The Web2.0 Mafia

I rarely find myself in agreement with AOL’s Jason Calacanis.It’s not that he’s a bad bloke, he just gets on my nerves. He does occasionally have some interesting things to say though, and this post about the “Web2.0 Mafia”, and how the “Web2.0 elite” want to control what we, the masses do, and how we, the masses, get paid, is brilliant. Absolutely spot on.

Despite the fact that Netscape stinks, (and Jason’s offer to pay bookmarkers wont make it any less stinky) his points about the web2.0 elite ring a strong bell with me. I’ve always viewed Mike Arrington’s Techcrunch as a kind of Lord of the Flies meets 1984, where some are most definately more web2.0 than others, and sucking up seems to be the order of the day if you want to BE web2.0

That sucks. Clearly.

I don’t think Jason entirely get’s the reason for many people being against his offer to pay top bookmarkers though. It’s not really about the prospect of being paid (which i strongly suspect he knows damn well), it’s about the slimey way he’s trying to lure away assets (albeit unpaid ones, which is a good point) from something we all love: Digg

There’s a tremendous amount of goodwill aimed at Digg right now, and when someone does something to intentionally hurt it, people will react strongly.

So, in conclusion:

  • Yay for Jason! (just this once hehe..)
  • Boo for Web2.0
  • Yay for the prospect of a less cliquey tech community

Somebody really needs to step up to the plate and produce another great Web2.0 hub — CNet for example…

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6 thoughts on “The Web2.0 Mafia

  1. I’ve actually decided to skip right over Web 2.0 and jump directly into Web 3.0… soon I will release the Tag Maelstrom.

  2. I agree too with that second paragraph!

    The general problem with the signal to noise ratio in the “volunteer based free content publishing” which I prefer to call user generated content (UGC) is that it is a must to implement a qualified human filter to fight noise spam and to only lift the real top articles to the front page. Similar like it is done her at Everybody can submit UGC to but the profile which is present on the front page is generated by a very quick team of human filters (only Nick and Chris as far as I know).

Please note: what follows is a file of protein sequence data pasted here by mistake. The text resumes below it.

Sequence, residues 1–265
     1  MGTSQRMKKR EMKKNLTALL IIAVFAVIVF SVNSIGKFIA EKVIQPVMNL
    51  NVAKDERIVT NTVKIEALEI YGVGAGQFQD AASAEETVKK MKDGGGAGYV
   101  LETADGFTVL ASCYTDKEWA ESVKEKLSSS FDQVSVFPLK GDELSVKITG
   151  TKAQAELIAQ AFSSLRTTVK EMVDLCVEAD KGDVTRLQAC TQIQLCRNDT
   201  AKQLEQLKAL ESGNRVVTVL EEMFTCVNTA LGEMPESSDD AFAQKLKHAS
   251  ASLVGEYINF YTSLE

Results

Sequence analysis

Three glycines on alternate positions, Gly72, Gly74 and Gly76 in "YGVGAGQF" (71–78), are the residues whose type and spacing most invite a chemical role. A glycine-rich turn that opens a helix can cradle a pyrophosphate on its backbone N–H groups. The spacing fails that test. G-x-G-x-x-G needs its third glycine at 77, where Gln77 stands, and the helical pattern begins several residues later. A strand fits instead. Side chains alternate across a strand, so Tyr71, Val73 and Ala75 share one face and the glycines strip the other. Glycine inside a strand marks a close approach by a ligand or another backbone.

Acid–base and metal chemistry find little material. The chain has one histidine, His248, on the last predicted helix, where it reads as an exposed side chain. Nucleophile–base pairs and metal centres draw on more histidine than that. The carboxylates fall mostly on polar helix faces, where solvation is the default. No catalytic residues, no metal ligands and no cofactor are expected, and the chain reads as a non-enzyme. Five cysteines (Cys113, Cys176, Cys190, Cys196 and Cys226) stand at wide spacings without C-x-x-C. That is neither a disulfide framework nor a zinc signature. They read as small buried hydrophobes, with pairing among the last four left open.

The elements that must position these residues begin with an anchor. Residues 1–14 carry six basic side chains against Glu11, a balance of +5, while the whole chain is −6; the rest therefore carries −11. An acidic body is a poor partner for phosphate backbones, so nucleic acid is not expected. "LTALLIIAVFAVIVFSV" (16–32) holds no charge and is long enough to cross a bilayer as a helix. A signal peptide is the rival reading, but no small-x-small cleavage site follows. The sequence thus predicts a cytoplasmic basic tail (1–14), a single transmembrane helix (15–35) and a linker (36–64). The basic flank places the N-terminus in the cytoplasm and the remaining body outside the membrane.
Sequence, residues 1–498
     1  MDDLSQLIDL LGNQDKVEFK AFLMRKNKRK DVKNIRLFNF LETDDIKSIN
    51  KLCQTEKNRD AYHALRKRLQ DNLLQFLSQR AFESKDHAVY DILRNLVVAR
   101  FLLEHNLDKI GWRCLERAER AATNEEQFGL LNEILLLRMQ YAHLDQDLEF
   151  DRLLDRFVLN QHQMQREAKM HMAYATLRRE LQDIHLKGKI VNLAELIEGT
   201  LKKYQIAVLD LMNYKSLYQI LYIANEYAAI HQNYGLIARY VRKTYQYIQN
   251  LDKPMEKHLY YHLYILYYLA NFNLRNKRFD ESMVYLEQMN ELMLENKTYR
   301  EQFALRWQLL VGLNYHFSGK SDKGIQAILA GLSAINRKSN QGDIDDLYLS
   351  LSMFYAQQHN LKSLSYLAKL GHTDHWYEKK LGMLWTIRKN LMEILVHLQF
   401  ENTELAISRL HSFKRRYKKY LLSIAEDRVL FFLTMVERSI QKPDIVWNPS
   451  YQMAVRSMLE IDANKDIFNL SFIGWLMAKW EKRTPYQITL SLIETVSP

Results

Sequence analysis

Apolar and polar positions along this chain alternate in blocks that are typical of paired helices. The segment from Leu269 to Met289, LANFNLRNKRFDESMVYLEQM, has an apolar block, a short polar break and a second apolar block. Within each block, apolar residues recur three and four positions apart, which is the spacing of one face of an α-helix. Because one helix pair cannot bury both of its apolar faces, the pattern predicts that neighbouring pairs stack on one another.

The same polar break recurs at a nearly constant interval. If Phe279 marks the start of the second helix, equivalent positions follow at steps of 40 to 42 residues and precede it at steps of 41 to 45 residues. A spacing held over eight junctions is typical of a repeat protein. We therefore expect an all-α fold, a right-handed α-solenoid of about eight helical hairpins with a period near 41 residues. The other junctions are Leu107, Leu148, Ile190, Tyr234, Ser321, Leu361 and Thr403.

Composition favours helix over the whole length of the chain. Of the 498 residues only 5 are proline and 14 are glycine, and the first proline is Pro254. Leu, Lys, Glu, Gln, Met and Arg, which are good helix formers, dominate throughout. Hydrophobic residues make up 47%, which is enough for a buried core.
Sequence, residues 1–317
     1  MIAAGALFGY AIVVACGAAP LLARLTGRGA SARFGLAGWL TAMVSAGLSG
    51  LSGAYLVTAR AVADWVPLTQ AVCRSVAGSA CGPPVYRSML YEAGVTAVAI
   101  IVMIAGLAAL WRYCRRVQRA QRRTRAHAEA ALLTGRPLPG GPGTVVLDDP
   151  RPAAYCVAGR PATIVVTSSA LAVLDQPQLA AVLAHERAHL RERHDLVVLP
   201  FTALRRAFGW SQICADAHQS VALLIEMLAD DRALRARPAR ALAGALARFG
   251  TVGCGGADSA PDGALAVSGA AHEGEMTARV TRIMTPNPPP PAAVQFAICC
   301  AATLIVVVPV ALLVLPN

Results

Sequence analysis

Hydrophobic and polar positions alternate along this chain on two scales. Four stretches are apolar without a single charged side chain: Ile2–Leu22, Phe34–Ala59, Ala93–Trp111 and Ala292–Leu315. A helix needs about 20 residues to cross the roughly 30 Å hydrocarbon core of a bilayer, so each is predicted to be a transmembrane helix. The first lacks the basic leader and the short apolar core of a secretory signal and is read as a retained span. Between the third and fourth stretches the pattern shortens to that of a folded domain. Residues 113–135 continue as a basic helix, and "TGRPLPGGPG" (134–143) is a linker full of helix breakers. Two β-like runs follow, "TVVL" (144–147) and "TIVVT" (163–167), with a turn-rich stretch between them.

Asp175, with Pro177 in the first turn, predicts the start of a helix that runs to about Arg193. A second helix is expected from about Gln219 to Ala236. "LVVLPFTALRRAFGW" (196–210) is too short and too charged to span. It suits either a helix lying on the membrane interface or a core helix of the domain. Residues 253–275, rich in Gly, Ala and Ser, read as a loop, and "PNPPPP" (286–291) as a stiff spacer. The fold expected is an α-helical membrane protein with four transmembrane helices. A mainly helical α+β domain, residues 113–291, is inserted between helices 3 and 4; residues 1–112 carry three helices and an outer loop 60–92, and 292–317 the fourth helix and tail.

The following question is of course that if the site is creating revenue how will the site share revenue with UGC deliverers?

    I would love to work hard for a site which generates income based on well defined quantity and quality factors.

  3. I don’t really have an issue with what Jasson is trying to pull off. Call it hostile talent takeover. Call it what you will. If those top Diggers find cash money pocket attractive enough to jump ship, then that’s their call. Jason comes from for-profit blog network business. That’s what he knows (very well I might add) and what he’s good at.

    What I have big problem with (from his original post) is that he’s making a blind statement that so called volunteer based free content publishing will be a “short-lived joke”. That the top publishers will rule and the “noise” doesn’t matter. How can he make a statement like that and go on to write about the myopic nature of web 2.0 is beyond me. He doesn’t seem to understand that it’s the noise that allows top content to be bubbled up in a system like Digg (or even in a bad clone of it). Once everything is a top story picked by top bookmarkers, it will change the dynamics of the game and the perception of the value inherent in socialbookmarking model will diminish.

  4. It’s amazing to me that people are actually surprised when “social media” starts resembling society at large…

  5. We will need a way to publish user generated content through a commercial channel. If that UGC mafia is generating revenue from UGC they should offer a business plan to share revenue.

    The main point developing everywhere at the moment is:

    … the slimey way he’s trying to lure away assets (albeit unpaid ones, which is a good point) …

    Thanks for that sentence Nick!

    At the moment I am following a German discussion in the Flickr group “Germany” where a German lifestyle magazine (MAX) is feverishly fighting for respect from the not so stupid photographers that they (the magazine) are printing several pages with Flickr photos in every issue but refuse to pay some money for that.

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